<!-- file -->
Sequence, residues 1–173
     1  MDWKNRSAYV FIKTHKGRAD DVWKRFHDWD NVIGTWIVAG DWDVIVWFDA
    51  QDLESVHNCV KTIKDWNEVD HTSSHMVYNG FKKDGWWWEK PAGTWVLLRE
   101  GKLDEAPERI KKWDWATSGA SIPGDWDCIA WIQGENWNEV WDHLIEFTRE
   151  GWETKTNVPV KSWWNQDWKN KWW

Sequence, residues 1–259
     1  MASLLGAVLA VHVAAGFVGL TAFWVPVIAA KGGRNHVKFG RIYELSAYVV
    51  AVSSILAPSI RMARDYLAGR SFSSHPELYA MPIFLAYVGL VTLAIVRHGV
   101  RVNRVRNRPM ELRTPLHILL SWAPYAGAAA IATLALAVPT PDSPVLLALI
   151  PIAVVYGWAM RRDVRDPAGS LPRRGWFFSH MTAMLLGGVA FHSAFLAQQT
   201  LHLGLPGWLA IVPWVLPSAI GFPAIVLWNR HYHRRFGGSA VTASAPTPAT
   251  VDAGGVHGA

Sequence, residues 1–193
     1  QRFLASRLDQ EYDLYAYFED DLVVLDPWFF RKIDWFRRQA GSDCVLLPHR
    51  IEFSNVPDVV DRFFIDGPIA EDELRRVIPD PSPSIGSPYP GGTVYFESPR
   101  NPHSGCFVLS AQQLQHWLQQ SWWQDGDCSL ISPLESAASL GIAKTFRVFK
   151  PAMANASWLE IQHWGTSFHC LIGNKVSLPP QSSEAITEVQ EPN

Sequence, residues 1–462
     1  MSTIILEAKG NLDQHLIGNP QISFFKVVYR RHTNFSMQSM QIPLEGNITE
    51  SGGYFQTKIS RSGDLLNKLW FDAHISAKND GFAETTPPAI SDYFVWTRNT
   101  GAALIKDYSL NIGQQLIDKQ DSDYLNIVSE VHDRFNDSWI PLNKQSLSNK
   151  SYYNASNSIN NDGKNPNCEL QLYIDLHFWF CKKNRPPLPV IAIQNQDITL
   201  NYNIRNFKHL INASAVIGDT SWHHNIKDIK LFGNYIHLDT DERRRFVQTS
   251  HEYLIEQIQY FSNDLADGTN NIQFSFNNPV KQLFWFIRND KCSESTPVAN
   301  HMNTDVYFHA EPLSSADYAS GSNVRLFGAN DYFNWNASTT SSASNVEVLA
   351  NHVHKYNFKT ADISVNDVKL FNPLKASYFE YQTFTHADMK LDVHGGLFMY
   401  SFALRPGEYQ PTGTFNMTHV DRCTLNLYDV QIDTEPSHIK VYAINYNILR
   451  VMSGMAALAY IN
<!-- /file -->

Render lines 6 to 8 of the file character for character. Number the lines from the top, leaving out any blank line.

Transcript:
Sequence, residues 1–259
     1  MASLLGAVLA VHVAAGFVGL TAFWVPVIAA KGGRNHVKFG RIYELSAYVV
    51  AVSSILAPSI RMARDYLAGR SFSSHPELYA MPIFLAYVGL VTLAIVRHGV